Following the fanfare of the past week’s global leaders’ summit on development, Land is Life collaborated with the CSO Partnership for Development Effectiveness, IBON International, International Migrants Alliance, NGO Mining Working Group, The General Board of Church and Society of the United Methodist Church, and The Migrant Center at the Church of Saint Francis of Assissi in hosting the “Dialogues for Justice, the Public Interest, and the Common Good: From the Margins and the Frontlines” event.
The event was a place for those most marginalized worldwide to voice their experience suffering from the effects of the current unjust and unsustainable global mode of development. The need for such a space was clearly evident even during the opening session; Eni Lestari, an Indonesian migrant domestic worker in Hong Kong, underlined the powerlessness many of those on the frontlines experience with high-level talks and processes. As a representative with the International Migrants Alliance, she had hoped to share her story at the United Nations but was unable to do so.
The Dialogues event following the summit provided an area for those most vulnerable to explain how the current system has affected them, and propose effective solutions. Land is Life Indigenous leaders and partners from around the world joined us in New York City to discuss major issues threatening the livelihoods of those most threatened around the world. West Papuan leader Octo Mote spoke of the Sustainable Development Goals (SDGs) and what such goals signal for those on the ground. He emphasized the weak protection for West Papuans under current Indonesian laws and the threats faced by the West Papuan populations due to mining, extractive activities, and land-grabs. Furthermore, he described how the language and approach of the talks and activity (such as the touted public-private partnerships) surrounding the Sustainable Development Goals do not serve to address such situations.
The event also involved different breakout sessions on various topics related to the newly formed Sustainable Development Goals. Jiten Yumnan, a Meitei of Manipur, India, the South Asia Regional Coordinator for Land is Life and Secretary of the Centre for Research and Advocacy, Manipur, led a session on land, water, and resource grabbing. Case studies from around the world demonstrated the negative impacts due to government and corporate activities surrounding illegal grabbing of land, water, and natural resources, and the subsequent pattern of resource commodification.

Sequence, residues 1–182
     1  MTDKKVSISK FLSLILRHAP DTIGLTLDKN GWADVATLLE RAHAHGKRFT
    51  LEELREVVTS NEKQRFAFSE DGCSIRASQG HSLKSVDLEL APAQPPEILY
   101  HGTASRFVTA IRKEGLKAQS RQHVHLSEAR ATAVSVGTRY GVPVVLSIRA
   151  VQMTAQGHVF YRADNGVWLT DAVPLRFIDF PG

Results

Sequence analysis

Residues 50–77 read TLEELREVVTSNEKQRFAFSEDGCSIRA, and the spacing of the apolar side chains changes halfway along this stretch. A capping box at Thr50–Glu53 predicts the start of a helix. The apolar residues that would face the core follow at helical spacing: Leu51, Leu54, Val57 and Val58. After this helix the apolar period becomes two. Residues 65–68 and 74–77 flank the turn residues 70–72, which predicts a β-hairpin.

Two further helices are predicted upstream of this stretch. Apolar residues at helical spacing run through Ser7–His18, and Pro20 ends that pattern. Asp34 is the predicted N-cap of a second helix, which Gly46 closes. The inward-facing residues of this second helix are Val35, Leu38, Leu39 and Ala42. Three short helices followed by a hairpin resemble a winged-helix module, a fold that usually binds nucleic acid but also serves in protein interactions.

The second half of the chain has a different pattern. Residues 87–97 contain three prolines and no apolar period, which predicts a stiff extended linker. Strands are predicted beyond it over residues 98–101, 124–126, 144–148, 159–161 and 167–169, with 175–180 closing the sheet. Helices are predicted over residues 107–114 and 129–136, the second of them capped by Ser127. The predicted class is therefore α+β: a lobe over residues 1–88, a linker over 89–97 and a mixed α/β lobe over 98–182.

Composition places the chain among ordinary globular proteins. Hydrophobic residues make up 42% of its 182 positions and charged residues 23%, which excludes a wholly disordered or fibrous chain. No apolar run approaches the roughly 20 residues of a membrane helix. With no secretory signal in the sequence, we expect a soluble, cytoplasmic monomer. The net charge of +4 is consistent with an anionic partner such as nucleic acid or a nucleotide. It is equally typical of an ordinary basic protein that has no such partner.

Furthermore, the discussion addressed how to achieve constructive action given the current global context. Such solutions included collaborative bottom-up implementation efforts, along with the need for continued and increased pressure on leaders around the world representing those most vulnerable and marginalized. Other proposed solutions involved social media as a tool to give amplified voice to those on the frontlines.
Along with these efforts, it was also determined as vital to improve access to education – and not just mainstreamed education – especially for the global youth, as their potential to contribute to broader social justice and international solidarity movements is great. Education enables more people to understand and begin to actively defend their rights, consequently promoting self-determination of all peoples, especially Indigenous peoples.
As we continue pushing for a shift in economic and development models, it is fundamental that we maintain local and traditional knowledge at the heart of our efforts and vision.